Oakland Athletics Go into the All-Star Break with a Winning Record of 43-43

Paul Francis SullivanChief Writer IJuly 9, 2012

OAKLAND, CA - JULY 03:  Josh Reddick #16 runs out to congratulate Coco Crisp #4 of the Oakland Athletics after Crisp hit aa sacrifice fly that scored Cliff Pennington #2 to beat the Boston Red Sox in the ninth inning at O.co Coliseum on July 3, 2012 in Oakland, California.  (Photo by Ezra Shaw/Getty Images)
Ezra Shaw/Getty Images

The first half of the baseball season is over. Actually, mathematically, more than half of the season is over. Most teams have played 85 to 86 games of the schedule of 162. But traditionally the All Star break is the halfway point.

Going into the break, the A's are at break even. They are 43-43. A .500 team. But for this Oakland team, that is a winning record.

Bill Parcells famously said "You are what your record says you are." But not all records are created equal. The Athletics have the same record as the Red Sox and Blue Jays.

For the Red Sox, a .500 record is disastrous. It is a reflection of a big-budget team falling far short of expectations. Boston manager Bobby Valentine is probably calling around for a new job. His old employer, ESPN, already brought in Terry Francona.

For the Blue Jays, a .500 record is a reminder of the state their franchise has been stuck in. They have not been a bad team, but they have had trouble making the leap into contention like Tampa and the surprising Orioles have this year.

But for the Athletics, finishing at break even with the American League's lowest payroll is a big accomplishment. Oakland is paying their players $55.3 million this year. The Red Sox are paying $10 million more than that just for Carl Crawford, John Lackey, Daisuke Matsuzaka, Andrew Bailey and Josh Beckett.

In the offseason, the A's were killed by the media and their fanbase for trading away three young pitchers in Bailey, Trevor Cahill and Gio Gonzalez just as they were going to get bumps in salary.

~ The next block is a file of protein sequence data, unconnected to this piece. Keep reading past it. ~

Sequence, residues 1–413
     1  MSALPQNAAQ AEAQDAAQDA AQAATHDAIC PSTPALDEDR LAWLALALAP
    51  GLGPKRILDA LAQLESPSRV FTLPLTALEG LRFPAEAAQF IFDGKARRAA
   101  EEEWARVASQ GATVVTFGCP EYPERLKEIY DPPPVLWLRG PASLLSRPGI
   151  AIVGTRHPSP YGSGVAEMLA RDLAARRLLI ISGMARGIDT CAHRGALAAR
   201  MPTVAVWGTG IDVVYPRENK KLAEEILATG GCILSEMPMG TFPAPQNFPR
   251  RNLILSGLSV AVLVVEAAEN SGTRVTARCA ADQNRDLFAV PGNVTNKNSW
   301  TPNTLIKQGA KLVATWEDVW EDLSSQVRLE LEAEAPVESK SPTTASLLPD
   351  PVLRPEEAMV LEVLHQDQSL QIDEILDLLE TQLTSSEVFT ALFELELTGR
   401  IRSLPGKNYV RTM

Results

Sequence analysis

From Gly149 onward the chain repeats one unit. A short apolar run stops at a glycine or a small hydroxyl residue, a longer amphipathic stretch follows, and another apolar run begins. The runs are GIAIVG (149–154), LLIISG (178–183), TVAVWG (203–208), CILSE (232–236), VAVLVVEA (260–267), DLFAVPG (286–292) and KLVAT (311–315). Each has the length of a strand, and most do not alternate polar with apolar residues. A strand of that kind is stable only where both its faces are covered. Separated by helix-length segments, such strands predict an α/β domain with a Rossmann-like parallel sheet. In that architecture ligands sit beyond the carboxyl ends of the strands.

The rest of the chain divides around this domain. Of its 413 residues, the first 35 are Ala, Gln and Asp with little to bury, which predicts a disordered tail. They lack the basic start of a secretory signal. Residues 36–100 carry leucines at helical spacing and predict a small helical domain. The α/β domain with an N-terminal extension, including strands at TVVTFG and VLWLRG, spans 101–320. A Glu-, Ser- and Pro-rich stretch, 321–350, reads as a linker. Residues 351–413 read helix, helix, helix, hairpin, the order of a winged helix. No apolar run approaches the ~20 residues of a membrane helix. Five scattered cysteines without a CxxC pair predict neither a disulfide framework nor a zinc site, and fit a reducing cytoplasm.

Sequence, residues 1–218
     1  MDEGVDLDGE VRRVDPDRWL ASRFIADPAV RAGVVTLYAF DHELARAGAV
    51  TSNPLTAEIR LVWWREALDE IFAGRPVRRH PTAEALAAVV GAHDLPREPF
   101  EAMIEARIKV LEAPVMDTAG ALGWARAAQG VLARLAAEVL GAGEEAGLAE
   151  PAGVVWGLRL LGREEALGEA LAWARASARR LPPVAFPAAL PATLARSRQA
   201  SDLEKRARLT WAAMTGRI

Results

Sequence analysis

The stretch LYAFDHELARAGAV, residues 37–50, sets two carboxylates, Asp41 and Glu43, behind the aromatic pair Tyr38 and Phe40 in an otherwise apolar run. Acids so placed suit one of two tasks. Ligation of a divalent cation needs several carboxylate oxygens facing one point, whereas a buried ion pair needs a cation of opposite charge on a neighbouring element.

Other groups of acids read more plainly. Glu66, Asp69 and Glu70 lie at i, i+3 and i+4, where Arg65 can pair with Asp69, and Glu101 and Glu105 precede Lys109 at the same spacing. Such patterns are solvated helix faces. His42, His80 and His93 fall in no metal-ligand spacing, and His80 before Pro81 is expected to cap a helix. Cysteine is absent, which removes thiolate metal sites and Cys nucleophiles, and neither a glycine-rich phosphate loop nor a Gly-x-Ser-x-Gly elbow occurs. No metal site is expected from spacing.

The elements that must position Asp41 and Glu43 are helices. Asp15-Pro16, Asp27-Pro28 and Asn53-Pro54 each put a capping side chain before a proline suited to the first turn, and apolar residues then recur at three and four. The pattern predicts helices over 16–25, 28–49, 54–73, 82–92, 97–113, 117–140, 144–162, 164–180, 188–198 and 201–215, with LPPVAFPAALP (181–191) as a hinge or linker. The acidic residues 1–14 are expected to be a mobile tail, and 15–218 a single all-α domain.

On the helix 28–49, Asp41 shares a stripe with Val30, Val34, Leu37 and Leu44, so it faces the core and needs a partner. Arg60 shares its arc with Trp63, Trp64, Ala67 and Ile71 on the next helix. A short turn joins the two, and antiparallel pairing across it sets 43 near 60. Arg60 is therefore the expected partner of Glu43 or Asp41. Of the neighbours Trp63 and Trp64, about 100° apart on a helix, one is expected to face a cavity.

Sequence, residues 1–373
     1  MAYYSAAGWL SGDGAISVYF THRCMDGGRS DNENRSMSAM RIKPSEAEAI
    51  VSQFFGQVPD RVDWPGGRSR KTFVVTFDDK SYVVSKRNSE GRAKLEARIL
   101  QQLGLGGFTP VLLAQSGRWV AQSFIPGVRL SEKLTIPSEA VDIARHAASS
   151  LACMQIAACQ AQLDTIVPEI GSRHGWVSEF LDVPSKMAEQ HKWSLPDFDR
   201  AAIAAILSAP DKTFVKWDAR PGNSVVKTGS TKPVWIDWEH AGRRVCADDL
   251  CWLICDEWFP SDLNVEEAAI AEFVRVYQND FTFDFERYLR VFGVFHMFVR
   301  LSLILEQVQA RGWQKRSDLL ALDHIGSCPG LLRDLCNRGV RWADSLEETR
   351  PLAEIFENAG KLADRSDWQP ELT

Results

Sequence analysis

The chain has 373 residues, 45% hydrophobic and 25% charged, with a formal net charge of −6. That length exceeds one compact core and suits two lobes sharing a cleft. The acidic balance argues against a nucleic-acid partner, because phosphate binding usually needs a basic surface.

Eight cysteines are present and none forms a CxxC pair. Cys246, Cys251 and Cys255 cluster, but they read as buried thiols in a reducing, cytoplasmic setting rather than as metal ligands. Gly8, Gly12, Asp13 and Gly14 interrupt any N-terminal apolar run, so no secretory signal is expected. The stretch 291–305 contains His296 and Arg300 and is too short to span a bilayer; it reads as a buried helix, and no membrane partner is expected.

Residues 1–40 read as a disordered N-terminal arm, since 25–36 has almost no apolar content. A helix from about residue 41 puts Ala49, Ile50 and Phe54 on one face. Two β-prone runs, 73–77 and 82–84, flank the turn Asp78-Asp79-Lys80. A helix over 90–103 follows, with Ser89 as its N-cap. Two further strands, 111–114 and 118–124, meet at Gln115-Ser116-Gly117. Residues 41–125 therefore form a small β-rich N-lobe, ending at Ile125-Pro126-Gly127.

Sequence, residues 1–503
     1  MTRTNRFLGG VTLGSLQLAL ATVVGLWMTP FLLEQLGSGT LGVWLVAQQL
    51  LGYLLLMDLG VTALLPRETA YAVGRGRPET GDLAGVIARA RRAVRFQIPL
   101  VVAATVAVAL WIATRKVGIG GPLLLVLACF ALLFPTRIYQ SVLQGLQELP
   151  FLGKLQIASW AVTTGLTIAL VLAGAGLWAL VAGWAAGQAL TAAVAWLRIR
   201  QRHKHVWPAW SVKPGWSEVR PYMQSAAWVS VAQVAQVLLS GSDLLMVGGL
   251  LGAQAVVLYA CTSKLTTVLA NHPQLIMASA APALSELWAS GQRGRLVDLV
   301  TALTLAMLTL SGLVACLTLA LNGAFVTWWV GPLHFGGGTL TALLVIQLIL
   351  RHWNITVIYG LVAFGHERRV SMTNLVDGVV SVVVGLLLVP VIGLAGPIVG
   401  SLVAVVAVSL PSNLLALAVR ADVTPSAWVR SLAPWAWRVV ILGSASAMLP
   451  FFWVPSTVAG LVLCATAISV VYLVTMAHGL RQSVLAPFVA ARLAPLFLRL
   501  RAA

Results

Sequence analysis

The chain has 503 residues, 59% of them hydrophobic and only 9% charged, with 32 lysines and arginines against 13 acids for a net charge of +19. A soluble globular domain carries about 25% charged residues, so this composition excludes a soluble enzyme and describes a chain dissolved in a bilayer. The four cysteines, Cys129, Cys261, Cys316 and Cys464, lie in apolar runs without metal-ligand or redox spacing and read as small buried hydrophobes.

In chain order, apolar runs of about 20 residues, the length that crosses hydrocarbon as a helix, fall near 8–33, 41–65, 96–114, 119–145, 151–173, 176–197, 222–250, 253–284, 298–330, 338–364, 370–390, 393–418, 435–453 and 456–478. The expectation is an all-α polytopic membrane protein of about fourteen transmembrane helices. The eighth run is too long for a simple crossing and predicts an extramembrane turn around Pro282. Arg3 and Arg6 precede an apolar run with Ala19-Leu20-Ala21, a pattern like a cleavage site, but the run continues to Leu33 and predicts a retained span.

It was seen as the Athletics fielding a minor league team and led to them being called a mockery of baseball. They seemed better off fielding the actors who played the 2002 A's in Moneyball than their actual roster.

That minor league team is holding its own in the big leagues, though. The Phillies have the second-highest payroll in baseball and are sub .500. The Marlins went on their wild spending spree this offseason to field a $118 million team, and are entering the break three games under .500. The defending division champion Milwaukee Brewers are in the top ten for payroll and are also-rans with a 40-45 mark.

And for less than half of those payrolls, the A's are even. They are doing it with no one with over 100 plate appearances batting .290 and only two in double digits for homers. They are doing it with no starting pitcher with double digit victories or saves.

They are doing it with a team effort and on a shoestring budget. Sounds like winners to me.

Reliever Craig Breslow, who was sent to Arizona in the Cahill trade, said after the deal "These are two different organizations going in two different directions". He's right. The Diamondbacks are the team currently under .500, unlike the A's.